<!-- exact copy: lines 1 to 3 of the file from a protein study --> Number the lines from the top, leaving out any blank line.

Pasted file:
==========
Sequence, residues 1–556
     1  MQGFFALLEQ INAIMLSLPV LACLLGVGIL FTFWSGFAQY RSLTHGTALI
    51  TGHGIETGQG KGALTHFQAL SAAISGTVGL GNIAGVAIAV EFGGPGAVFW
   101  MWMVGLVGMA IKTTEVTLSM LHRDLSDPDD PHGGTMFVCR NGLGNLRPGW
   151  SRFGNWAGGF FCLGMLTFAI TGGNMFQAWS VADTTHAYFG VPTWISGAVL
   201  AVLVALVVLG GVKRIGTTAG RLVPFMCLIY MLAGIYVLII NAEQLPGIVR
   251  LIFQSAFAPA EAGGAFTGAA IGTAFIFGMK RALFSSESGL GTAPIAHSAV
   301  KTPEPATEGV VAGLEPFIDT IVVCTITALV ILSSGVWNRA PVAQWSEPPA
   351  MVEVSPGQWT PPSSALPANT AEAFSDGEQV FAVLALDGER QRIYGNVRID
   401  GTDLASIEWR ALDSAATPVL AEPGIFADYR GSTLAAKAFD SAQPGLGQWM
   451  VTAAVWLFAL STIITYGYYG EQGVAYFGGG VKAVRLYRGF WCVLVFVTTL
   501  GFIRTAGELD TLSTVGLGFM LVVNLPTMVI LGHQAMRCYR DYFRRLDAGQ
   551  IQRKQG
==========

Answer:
Sequence, residues 1–556
     1  MQGFFALLEQ INAIMLSLPV LACLLGVGIL FTFWSGFAQY RSLTHGTALI
    51  TGHGIETGQG KGALTHFQAL SAAISGTVGL GNIAGVAIAV EFGGPGAVFW